Fresh-Brewed Iced Tea from a Convenience Store?

I ran across a press release recently that announced that a certain well known convenience store chain was rolling out something called “fresh-brewed” iced tea in its stores. Which got me to wondering. I’ve seen this phrase used before and have never thought much about it, but just exactly what does fresh-brewed tea mean? I have my own thoughts on the matter. Which is to expect that “fresh-brewed” iced tea would be tea made on the spot from actual tea leaves.

But exactly how would this work, especially in the busy environment of a convenience store or a restaurant or somewhere where the employees don’t necessarily have a lot of time to spend on steeping tea leaves? As it so happens, the press release in question suggests that actual tea leaves are steeped as needed, with a “proprietary blend of black tea leaves” that are “brewed fresh throughout the day” and “dispensed from lined, stainless-steel urns.” I’m sure we’ve all seen the latter in our convenience store or restaurant of choice. On the flip side, the company also offers a liquid tea concentrate for those times when circumstances preclude whipping up a batch of the real thing.

According to the web site of a firm that claims to be the top supplier of iced tea to the foodservice market in the United States, they deliver “fresh brewed taste prepared from choice tea leaves,” using blends of tea leaves from China and other parts of Asia and South America. They go on to reveal that they use a patented type of square tea bag in which said leaves are actually contained and steeped. So it appears that for this foodservice iced tea behemoth, at least, fresh-brewed might actually mean what it says.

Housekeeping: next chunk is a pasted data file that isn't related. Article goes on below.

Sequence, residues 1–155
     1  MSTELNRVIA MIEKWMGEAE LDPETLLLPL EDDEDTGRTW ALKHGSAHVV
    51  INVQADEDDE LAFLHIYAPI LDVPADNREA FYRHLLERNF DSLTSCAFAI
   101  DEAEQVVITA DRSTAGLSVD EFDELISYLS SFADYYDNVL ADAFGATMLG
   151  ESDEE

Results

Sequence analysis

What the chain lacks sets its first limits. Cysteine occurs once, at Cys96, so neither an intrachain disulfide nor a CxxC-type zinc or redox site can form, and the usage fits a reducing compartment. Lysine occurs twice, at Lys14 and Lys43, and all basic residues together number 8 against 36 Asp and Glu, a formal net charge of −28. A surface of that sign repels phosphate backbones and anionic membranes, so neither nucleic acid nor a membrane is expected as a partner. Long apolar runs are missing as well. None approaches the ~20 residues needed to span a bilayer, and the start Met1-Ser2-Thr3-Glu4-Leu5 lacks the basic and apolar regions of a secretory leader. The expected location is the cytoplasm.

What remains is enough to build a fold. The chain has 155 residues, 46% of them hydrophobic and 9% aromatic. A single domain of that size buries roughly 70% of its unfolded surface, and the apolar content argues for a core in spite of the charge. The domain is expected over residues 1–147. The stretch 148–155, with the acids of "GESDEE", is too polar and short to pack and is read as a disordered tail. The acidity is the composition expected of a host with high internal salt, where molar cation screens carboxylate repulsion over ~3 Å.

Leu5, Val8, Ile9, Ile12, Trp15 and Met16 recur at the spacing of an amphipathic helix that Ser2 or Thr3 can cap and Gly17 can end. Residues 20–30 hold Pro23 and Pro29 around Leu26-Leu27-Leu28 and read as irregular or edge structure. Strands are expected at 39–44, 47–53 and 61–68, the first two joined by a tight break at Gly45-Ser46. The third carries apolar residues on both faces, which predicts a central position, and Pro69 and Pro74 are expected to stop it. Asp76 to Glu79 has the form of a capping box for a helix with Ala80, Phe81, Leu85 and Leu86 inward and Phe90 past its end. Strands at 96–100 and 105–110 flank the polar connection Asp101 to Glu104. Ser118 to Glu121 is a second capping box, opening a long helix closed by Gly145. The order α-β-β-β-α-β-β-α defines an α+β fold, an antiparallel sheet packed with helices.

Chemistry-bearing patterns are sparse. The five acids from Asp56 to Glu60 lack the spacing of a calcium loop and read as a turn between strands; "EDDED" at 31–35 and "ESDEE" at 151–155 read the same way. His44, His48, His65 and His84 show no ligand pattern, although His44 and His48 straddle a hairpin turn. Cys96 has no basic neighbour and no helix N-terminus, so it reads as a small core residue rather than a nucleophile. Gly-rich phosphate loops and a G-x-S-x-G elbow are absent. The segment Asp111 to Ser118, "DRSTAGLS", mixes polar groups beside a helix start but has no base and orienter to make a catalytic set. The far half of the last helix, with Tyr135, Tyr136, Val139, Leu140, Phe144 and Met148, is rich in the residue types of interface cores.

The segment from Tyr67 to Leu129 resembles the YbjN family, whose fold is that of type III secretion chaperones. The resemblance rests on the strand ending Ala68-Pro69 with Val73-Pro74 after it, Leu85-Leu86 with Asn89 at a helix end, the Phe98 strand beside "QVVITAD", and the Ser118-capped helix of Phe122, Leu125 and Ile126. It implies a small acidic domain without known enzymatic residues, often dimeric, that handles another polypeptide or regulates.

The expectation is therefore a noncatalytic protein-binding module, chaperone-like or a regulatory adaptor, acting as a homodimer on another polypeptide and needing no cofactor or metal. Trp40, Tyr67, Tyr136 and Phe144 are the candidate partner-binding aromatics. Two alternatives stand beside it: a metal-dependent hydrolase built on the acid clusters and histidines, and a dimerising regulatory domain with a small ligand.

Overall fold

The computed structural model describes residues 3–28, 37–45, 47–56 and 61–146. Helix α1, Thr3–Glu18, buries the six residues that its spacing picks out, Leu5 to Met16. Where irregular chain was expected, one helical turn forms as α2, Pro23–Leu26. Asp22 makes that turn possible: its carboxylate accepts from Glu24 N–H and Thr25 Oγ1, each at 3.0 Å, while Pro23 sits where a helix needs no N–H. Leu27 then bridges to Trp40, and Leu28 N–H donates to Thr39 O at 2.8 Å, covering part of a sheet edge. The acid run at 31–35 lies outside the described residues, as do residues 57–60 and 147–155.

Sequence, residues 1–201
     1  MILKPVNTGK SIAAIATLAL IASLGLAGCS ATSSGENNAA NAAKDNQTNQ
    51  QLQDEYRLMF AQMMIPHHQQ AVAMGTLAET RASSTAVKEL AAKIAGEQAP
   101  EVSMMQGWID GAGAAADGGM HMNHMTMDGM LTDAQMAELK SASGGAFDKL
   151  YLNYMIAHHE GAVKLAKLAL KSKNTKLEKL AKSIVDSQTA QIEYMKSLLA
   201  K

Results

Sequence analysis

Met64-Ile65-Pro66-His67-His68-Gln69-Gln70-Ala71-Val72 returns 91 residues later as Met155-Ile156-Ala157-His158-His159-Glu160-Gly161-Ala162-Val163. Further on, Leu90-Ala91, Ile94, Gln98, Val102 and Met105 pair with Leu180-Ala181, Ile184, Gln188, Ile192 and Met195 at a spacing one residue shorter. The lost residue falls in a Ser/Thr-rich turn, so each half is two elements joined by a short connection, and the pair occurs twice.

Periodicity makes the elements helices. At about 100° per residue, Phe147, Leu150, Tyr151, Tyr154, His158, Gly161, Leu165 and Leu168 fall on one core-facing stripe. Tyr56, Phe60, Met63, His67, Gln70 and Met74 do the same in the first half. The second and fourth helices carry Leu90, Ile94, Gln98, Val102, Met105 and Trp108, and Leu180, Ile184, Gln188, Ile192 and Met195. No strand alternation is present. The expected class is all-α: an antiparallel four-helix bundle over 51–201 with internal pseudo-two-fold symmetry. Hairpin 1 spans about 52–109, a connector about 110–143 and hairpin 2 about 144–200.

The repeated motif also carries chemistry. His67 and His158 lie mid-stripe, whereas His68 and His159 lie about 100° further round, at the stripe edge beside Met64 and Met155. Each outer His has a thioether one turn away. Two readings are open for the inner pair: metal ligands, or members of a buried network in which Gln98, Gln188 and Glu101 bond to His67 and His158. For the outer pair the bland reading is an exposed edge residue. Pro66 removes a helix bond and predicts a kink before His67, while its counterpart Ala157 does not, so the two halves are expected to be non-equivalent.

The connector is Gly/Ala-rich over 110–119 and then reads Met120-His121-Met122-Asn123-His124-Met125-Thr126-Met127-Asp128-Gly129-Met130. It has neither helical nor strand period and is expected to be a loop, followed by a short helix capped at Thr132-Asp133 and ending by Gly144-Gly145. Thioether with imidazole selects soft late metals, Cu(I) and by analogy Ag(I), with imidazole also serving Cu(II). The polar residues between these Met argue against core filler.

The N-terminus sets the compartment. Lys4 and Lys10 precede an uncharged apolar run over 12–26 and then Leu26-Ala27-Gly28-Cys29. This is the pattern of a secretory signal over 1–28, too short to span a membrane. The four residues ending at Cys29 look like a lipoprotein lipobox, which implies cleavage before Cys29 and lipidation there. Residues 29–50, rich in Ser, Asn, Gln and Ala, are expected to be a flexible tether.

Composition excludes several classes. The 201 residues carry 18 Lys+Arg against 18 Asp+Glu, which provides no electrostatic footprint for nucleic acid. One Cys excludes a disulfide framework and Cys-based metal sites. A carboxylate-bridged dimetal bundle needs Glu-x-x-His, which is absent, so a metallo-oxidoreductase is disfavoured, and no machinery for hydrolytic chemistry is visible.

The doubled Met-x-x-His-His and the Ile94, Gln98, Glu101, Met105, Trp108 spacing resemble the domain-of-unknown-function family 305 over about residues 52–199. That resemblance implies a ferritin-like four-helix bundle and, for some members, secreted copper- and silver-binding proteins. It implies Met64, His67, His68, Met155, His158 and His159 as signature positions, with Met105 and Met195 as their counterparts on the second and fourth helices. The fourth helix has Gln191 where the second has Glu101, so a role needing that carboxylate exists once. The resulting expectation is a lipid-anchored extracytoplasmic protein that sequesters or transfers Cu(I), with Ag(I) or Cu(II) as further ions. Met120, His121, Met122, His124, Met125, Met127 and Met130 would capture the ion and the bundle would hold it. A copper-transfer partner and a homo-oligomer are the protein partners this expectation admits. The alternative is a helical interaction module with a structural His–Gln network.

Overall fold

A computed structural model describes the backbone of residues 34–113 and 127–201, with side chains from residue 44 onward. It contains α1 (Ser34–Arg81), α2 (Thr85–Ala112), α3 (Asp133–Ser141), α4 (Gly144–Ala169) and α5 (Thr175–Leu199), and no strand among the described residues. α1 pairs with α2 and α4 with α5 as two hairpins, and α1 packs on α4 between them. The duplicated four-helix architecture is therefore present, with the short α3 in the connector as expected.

Of course, like anything else in the great wide world of tea, methods and results are sure to vary from place to place. As a general rule, I’ve found that iced tea that’s available in these settings often leaves a lot to be desired, with some of it dipping into the barely drinkable category. But that’s not a given and I should point out that one of the best iced teas I’d ever had the good fortune to sample was served at a restaurant I used to frequent – from one of those “lined, stainless-steel urns.”

See more of William I. Lengeman’s articles here.

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